On Dec. 16, indicating that recessionary fears and worries about the weakness of American consumers is greatly exaggerated, Darden Restaurants (NYSE:DRI) reported strong third-quarter results. Of course, the company’s earnings also showed that its business has been performing well.
The company, owns several restaurants chains, including the Olive Garden Italian chain, Longhorn Steakhouse, and Bahama Breeze, noted that its same-restaurant sales jumped 7.3% year-over-year, while its total sales climbed 9.4% year over year. EPS jumped 2.7% year over year to $1.52. Moreover, the restaurant owner’s top and bottom lines came in meaningfully ahead of analysts’ average estimates, and, showing its confidence in the outlook of DRI stock, the company bought back $100 million of its own shares last quarter. Next quarter, the company expects its cost pressures to drop, increasing its margins.
JPMorgan (NYSE:JPM) is also well-positioned to benefit from America’s rising interest rates and better-than-widely-believed economic outlook. As a result, it’s not surprising that Morgan Stanley issued a “double upgrade of JPM stock on Dec. 6, raising its rating on the shares to “overweight” from “underweight.” Morgan Stanley also expects JPM’s revenue to grow faster than its operating expenses going forward. In addition, the firm noted that JPMorgan expects its net interest income to come in at roughly $74 billion in 2023. Also noteworthy is that JPMorgan’s Nov. credit card delinquency rate remained unchanged versus October at 0.73%, while its net charge off rate rose in November but was still well below its level of November 2019.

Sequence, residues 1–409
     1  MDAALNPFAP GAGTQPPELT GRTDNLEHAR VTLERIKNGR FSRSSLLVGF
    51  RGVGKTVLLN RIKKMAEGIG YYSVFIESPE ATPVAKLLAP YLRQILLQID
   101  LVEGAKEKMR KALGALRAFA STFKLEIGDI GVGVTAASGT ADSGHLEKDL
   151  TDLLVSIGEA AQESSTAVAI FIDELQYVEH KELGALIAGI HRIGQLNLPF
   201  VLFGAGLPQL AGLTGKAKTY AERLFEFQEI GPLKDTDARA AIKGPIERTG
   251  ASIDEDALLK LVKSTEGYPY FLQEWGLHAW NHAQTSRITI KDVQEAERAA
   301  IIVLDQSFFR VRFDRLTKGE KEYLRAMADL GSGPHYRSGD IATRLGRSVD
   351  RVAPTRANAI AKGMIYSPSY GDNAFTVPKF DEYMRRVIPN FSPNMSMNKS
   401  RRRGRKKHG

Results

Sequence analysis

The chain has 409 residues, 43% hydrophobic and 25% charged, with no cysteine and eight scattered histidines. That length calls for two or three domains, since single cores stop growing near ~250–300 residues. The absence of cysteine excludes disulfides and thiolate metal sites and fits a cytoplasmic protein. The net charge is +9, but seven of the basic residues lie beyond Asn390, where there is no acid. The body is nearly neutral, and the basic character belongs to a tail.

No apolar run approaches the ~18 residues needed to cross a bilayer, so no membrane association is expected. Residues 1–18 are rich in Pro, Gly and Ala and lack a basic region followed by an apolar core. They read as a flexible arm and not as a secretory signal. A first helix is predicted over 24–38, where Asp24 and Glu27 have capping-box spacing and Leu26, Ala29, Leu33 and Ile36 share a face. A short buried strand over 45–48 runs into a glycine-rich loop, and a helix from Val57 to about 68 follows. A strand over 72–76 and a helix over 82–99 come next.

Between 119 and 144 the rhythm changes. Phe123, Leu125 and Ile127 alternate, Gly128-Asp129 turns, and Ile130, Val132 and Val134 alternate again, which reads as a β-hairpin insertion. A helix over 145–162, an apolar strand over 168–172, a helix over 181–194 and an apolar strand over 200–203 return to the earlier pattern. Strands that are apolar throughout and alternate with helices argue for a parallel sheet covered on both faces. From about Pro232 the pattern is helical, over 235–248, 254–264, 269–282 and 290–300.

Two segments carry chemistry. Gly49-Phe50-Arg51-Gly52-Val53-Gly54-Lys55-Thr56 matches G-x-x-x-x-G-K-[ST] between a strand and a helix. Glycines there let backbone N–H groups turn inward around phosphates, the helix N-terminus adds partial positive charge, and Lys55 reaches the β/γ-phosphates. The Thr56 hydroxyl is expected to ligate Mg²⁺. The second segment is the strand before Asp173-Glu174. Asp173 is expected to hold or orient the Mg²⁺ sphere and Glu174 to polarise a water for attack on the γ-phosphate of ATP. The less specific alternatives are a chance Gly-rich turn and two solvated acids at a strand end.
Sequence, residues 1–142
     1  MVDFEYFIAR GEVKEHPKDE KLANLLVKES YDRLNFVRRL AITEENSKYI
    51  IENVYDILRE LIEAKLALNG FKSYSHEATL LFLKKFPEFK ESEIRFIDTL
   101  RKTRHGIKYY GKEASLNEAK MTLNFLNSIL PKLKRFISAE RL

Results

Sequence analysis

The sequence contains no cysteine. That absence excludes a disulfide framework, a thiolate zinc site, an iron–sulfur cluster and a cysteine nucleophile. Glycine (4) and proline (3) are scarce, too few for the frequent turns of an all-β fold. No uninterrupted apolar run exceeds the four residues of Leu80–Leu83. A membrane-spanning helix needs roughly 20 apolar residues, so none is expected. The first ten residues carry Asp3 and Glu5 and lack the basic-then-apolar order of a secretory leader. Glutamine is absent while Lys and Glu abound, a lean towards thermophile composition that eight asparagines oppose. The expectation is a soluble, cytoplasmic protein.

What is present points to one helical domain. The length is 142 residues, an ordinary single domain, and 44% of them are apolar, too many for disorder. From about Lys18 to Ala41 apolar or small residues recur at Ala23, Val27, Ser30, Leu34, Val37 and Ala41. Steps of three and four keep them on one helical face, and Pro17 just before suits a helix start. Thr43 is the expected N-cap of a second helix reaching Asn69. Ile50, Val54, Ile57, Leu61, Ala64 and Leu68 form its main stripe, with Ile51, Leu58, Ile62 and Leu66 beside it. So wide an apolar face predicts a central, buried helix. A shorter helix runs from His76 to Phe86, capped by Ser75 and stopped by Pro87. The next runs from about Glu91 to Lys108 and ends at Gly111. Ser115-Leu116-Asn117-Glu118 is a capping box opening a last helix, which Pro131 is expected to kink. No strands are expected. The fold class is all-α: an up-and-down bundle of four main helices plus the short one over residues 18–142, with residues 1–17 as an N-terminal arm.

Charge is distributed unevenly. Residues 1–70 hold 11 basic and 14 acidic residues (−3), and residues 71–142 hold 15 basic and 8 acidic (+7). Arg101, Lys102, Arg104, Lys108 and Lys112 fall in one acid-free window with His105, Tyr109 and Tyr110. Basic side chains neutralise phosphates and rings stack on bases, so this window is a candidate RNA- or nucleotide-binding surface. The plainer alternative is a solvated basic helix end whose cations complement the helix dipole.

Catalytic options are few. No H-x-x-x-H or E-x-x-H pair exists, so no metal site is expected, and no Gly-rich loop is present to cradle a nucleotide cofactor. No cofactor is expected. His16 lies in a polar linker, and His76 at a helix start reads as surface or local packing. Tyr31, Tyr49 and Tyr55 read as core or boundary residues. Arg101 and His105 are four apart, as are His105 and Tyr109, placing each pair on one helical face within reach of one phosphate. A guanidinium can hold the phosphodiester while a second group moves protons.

Cisco (NASDAQ:CSCO) reported strong fiscal first-quarter results on Nov. 16. Revenue climbed 5.7% year-over-year to $13.63 billion, $340 million over analysts’ average estimates. On the bottom line, EPS was up 5% year over year to 86 cents, as compared to estimates for 84 cents. For fiscal 2023, Cisco expects its revenue to increase 4.5% to 6.5% year over year, as well. Cisco CEO Chuck Robbins noted that the company’s Q1 revenue set a quarterly record for the tech giant, while its bottom line came in at the second-highest level in its history.
Investment bank Cowen reacted to the results by raising its price target on the name to $61 from $60 and keeping an “outperform” rating on the shares. The firm says that the company’s revenue prognosis has become more favorable.
CSCO stock has dropped 4,.5% in the five days that ended on Dec. 19, while it has a 3.21% dividend yield and a low forward price-earnings ratio of 13.5.